Uber Must Shrink Parade of Happy Drivers in Trial

     SAN FRANCISCO (CN) – Uber will have to limit the number of drivers it plans to call as witnesses in a sweeping labor trial set to begin in June, a federal judge said Thursday.
     At a hearing to determine what the trial against the mobile ride-hailing company will look like, the lawyer representing a class of 240,000 said she feared Uber will hijack proceedings by parading a host of satisfied Uber drivers before the jury.
     The case was initially brought in 2013 by three former Uber drivers claiming they are employees entitled to reimbursement for gas and other employment-related expenses.
     In September 2015, U.S. District Judge Edward Chen ruled that a class of people who drove for Uber since Aug. 16, 2009 could sue over whether they are employees or independent contractors and over whether Uber illegally withheld tips from them. In December, Chen ruled that they can seek reimbursement for phone and vehicle-related costs.
     “Asking the jury to listen to a whole lot of evidence of what drivers think seems like a strange way to try this case. I expect it will be a large part of Uber’s defense,” class attorney Shannon Liss-Riordan said. “They don’t need to parade in legions of drivers to say ‘we choose how many hours we work and we really like it.’ “
     Liss-Riordan said to prevent that, she was willing to stipulate to the drivers believing they were entering into an independent-contractor relationship with Uber, not an employee relationship, and that drivers can control how many hours they work.
     “If counsel is willing to stipulate that drivers subjectively believed they created an independent-contractor relationship, you win on that factor,” U.S. District Judge Edward Chen told Uber lawyer Theodore Boutrous.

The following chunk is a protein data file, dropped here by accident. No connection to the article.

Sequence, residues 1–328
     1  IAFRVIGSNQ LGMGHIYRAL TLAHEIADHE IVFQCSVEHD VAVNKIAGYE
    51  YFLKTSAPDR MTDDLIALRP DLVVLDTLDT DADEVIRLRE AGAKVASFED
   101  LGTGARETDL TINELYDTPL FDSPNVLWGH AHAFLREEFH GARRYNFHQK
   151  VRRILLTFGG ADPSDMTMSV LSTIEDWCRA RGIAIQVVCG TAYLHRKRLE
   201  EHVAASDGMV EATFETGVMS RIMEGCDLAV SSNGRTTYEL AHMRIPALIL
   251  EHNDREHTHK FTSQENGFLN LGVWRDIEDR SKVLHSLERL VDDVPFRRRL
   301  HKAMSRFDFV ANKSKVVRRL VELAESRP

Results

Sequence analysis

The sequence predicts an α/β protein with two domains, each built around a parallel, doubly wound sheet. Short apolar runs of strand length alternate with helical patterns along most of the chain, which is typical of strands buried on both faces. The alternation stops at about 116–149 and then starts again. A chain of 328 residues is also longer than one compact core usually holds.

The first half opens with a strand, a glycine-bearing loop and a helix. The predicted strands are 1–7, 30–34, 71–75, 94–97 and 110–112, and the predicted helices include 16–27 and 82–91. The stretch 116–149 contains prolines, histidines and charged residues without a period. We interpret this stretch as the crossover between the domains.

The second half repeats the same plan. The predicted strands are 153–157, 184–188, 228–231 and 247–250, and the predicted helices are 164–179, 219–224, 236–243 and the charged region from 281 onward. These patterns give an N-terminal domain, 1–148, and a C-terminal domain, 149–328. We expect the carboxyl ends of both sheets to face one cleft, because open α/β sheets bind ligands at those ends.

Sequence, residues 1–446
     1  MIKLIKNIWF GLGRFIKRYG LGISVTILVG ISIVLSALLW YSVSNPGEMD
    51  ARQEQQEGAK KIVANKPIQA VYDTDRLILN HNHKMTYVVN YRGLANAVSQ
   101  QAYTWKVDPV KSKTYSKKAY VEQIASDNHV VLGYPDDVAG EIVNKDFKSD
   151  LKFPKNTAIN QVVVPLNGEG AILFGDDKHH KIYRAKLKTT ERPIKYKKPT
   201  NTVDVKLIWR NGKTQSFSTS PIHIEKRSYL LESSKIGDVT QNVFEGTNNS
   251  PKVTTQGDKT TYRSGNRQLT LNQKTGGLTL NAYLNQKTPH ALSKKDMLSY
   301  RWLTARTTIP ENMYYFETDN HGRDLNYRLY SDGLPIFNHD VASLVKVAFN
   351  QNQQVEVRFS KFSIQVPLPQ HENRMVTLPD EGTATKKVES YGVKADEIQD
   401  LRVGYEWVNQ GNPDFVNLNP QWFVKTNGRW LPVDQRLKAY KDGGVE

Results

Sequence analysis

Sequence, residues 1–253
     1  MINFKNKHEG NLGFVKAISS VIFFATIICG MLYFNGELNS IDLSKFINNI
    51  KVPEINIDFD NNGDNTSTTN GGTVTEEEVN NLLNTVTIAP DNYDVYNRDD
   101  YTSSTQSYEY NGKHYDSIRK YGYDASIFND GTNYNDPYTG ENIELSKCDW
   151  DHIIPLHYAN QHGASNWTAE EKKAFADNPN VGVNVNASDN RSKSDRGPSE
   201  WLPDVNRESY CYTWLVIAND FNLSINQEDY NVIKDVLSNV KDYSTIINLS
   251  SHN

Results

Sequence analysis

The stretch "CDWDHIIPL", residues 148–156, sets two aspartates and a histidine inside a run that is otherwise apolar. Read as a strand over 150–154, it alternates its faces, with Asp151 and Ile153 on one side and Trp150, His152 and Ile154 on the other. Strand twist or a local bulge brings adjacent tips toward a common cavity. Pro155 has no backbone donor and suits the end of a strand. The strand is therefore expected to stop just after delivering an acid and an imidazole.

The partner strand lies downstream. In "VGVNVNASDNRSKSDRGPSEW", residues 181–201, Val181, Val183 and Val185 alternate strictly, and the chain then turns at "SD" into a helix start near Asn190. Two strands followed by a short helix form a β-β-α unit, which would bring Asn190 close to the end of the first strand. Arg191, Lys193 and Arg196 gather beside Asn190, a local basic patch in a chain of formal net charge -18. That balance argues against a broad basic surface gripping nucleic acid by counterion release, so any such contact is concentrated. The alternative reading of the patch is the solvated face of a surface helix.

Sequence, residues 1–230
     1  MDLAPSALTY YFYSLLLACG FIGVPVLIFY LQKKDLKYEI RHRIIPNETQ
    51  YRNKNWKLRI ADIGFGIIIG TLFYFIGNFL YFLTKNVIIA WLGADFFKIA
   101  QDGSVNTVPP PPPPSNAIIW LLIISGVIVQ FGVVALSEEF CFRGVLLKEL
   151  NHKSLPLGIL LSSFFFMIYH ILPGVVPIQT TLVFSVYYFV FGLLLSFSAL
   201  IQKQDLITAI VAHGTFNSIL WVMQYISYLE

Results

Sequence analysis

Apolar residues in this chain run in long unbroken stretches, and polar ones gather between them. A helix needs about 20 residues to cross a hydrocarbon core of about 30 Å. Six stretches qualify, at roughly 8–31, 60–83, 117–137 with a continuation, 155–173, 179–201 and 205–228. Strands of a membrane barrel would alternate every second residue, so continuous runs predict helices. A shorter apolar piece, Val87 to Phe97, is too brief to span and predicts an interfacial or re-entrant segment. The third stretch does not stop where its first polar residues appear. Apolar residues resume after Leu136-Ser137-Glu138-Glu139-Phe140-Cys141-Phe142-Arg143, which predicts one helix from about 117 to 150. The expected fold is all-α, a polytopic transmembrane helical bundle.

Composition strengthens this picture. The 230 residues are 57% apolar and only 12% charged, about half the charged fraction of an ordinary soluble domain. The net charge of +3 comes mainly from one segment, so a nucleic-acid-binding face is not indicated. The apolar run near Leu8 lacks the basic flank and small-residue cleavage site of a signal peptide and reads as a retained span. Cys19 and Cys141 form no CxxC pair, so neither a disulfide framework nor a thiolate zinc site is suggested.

But Boutrous accused Liss-Riordan of trying to hamstring Uber’s defense.
     “We want to put a human face on this case, and a jury deserves to hear that and the differing ways people use the platform,” Boutrous said. “These are human beings talking about their lives. We’re not going to engage in overkill.”
     Chen asked, “Should the plaintiffs be allowed to bring in evidence of how someone who works 48 hours a week is dependent on Uber? Are we going to besiege the jury with polar extremes? At some point how is that relevant?”
     Boutrous said, “I have a feeling that while she doesn’t want Uber to put on any drivers, the named plaintiffs are planning on testifying along those lines.”
     In reply, Liss-Riordan said, “I don’t think this is relevant on either side. I’m really worried about what this trial is gearing up to look like.”
     Chen said he didn’t want testimony to get repetitive.”At the end of the day I’m governed by rules of relevancy here. I’m skeptical that we need to hear from 25 different drivers,” Chen said.
     “We would not score any points with you or the jury if we did that,” Boutrous said. “I promise we’re not going to try to bore you and the jury with a bunch of repetitive evidence. I vow the evidence will be informative, interesting and relevant.”

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